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Six Ways to Say "I Don't" to Wedding Stress
Six Ways to Say "I Don't" to Wedding Stress
In theory, planning a wedding shouldn’t be stressful. You gather together the people who matter to you most, choose some lovely flowers, wear something flowing and white. Then you say, “I do.” And presto! You’re hitched.
Except, what if the “people who matter to you most” just happen to include your divorced parents, who are fighting over whether Stepmommy Dearest should be allowed to sit at the head table, as well as your intended’s flaky cousin, who is angry that you haven’t named her matron of honor? And what if those “lovely flowers” you had your heart set on fell victim to a floral frost, and that flowing white dress was ordered in the wrong size and color (and therefore is neither flowing nor white)?
It’s enough to make most brides go running for the beer and potato chips.
But before you add dieter’s remorse to your growing list of problems, recognize that while you can’t control family dynamics or floral frosts, you can control how you respond to wedding stress—which is important, for the sake of your health and your interpersonal relationships. Here are six ways to do it.
- Maintain perspective. When the language surrounding weddings includes phrases like, “The most important day of your life,” and so many women say they daydreamed about being a bride since they were little girls, it’s easy to see why a minor matrimonial mishap could seem like a catastrophe. But remember: A wedding just lasts one day, and it truly is your day. It’s not as important to anyone else (except maybe your mom and possibly the groom) as it is to you. Wedding imperfections will be forgotten, if not completely unnoticed.
- Set boundaries. If you’re an eager-to-please bride, it’s not just the prospect of bad canapés that keeps you up at night: it’s the fear of making other people unhappy. You can end up wringing your hands excessively over things like whether your mother-in-law-to-be will still accept you into the family if you don’t honor her request to change the wedding accent color from grape-purple to sky-blue. Just tell her the truth: You love purple. Blue? Not so much. She’ll live.
- Be kind to others. While you don’t want to let everyone walk all over you, you also don’t want to sever relationships over wedding-related disagreements. What people describe as “Bridezilla” is often a bride who bottled up resentments for months and then lost her cool in one epic temper tantrum. This kind of bad behavior just feeds wedding stress because it exacerbates tensions among everyone involved. It also makes for lousy memories of your engagement, a time that should be special. Long after the bouquet has been tossed and the cake has been cut, angry blow-ups at the bridal party are one “wedding favor” you’ll wish you could take back.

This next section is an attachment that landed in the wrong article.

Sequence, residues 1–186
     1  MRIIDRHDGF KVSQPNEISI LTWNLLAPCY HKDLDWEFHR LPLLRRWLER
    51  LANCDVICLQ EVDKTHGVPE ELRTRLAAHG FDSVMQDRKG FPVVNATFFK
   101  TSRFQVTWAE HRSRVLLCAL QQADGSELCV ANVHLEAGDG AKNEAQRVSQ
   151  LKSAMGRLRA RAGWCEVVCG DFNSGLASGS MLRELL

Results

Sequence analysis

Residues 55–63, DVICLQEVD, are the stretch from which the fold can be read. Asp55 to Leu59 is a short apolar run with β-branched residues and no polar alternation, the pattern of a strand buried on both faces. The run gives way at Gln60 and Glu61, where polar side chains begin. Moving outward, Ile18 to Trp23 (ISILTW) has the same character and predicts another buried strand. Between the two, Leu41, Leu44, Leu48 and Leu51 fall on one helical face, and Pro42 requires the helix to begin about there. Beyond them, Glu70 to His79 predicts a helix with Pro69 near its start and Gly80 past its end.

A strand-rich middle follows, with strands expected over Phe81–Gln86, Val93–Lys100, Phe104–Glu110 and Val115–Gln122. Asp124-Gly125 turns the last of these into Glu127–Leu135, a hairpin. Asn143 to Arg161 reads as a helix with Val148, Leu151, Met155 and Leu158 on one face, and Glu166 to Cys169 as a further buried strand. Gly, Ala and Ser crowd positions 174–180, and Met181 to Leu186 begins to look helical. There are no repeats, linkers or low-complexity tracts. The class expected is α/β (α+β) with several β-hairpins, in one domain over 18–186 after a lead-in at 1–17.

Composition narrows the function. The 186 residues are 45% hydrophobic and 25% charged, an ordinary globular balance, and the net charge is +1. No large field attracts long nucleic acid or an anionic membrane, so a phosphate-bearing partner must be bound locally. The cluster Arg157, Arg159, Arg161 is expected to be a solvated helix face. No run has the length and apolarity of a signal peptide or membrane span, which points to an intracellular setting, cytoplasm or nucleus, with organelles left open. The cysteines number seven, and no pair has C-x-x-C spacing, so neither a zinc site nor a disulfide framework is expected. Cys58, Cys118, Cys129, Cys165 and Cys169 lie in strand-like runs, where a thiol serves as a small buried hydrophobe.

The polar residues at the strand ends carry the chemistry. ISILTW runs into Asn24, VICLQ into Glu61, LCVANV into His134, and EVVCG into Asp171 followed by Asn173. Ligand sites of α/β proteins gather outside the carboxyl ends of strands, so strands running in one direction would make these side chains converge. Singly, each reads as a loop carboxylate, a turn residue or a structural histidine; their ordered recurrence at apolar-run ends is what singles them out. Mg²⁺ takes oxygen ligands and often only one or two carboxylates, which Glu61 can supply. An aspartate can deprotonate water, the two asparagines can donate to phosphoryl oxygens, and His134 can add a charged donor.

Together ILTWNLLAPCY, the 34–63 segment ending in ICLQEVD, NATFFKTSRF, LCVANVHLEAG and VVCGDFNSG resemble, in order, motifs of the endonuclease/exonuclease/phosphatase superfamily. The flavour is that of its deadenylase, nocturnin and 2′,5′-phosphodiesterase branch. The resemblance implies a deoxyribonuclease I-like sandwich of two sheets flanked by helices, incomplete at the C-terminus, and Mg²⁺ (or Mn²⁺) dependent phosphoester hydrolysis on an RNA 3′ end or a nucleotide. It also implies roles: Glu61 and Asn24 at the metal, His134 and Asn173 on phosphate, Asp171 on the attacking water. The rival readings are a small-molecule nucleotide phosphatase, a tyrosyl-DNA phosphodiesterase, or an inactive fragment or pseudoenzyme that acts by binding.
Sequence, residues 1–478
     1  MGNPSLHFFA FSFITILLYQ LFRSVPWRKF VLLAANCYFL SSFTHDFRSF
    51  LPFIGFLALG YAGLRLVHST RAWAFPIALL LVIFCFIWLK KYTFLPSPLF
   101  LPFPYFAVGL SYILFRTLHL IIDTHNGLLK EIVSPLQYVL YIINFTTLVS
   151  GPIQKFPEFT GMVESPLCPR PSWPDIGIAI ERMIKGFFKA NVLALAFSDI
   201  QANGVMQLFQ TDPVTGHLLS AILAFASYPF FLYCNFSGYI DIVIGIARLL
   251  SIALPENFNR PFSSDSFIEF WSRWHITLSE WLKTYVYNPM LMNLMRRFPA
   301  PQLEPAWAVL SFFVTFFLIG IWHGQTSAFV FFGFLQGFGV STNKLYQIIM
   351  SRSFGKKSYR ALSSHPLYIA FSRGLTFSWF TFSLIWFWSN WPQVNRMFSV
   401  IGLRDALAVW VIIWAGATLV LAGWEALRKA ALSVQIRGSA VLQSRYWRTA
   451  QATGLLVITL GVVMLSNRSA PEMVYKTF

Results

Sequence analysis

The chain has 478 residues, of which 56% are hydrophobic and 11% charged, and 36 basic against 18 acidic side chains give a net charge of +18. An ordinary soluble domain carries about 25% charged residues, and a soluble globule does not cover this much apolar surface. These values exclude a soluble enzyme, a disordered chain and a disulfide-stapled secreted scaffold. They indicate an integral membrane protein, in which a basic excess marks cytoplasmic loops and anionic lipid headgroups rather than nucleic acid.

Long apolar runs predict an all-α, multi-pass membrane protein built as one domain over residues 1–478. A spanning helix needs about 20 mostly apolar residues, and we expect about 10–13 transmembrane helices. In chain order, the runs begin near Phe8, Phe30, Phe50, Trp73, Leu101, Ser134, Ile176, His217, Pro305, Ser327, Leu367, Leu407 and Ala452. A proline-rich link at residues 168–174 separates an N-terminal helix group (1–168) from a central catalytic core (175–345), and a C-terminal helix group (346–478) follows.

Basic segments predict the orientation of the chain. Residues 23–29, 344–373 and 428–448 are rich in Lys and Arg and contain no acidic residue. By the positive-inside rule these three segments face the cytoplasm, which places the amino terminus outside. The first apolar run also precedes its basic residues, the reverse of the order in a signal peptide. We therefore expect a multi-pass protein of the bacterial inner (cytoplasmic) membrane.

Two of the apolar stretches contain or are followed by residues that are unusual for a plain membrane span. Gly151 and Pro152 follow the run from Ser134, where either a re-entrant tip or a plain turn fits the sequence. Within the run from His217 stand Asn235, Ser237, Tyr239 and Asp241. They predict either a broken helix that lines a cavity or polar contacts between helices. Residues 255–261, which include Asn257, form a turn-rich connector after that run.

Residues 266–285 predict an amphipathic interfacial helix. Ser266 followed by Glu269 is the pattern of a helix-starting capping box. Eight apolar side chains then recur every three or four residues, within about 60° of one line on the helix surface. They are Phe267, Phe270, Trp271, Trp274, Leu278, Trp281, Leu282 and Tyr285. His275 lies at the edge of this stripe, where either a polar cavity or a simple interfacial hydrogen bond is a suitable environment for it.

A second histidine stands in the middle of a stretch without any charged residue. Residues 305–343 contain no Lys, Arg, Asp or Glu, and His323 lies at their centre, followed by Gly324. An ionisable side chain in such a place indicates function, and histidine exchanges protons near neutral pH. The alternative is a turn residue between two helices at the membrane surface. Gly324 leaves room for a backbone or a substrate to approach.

- Get your beauty sleep. When was the last time you got in a good 7–8 hours of shut-eye? If the answer is, “I can’t remember, because I’ve been up all night surfing wedding websites and working on drafts of the seating chart,” then you’re not getting enough. Adequate sleep isn’t just about preventing those unsightly dark circles under your eyes. Sleep deprivation sabotages physical and mental health, according to Roxanne Prichard, assistant professor of psychology at the University of St. Thomas in St. Paul, Minn. If stress-avoidance isn’t enough to motivate you to hit the hay, consider this: Sleep deprivation is also linked to increased incidence of obesity. Which itself is linked to medical problems that go way beyond fitting into a wedding dress.
- Eat less, but don’t go overboard. Speaking of fitting into that wedding dress, if you’re like most brides, you probably want to look the best you possibly can on your wedding day. And if you’re like most women, you probably think looking your “best” equates to losing a few pounds. Whether you’re trying to drop one dress size or half a dozen, do yourself a favor and stick with slow-but-steady weight loss methods rather than crazy juice fasts or food group elimination techniques, as drastic calorie reduction has been linked to lethargy, irritability and anxiety, writes Emily Dean, MD, a psychiatrist in Massachussetts who specializes in evolutionary psychiatry. Not exactly emotions you want to be experiencing when you’re already battling stressful conditions.
- Become a gym rat. A regular exercise routine is an important element of any weight loss endeavor, and as an added bonus, working up a sweat has been found to decrease anxiety and depression, according to a study by Daniel Landers, PhD, kinesiology professor emeritus at Arizona State University. Whether you up your heart rate while running or kickboxing or find your happy place on a yoga mat, being physically fit won’t just make the wedding dress seamstress happy—it will help you handle catering calamities and mothers-in-law who hate purple with a sense of calm and a level head. And that’s the kind of attitude you need to say “I don’t” to wedding stress.
By: Jorie Mark
Jorie Mark is the editorial manager of Vitacost.com and oversees the web content and social media for this publically traded, online retailer and direct marketer of health and wellness products. She also is the editor of the Vitacost-sponsored mommy blog, Momonomics.com. Jorie’s humorous memoir, Bride in Overdrive: A Journey Into Wedding Insanity and Back, was published by St. Martin’s Press in 2004. She was a regular blogger for WeddingChannel.com before and after her wedding. This bride and her groom currently live in South Florida with their three children, ages 9, 6 and 1.
May 31st, 2012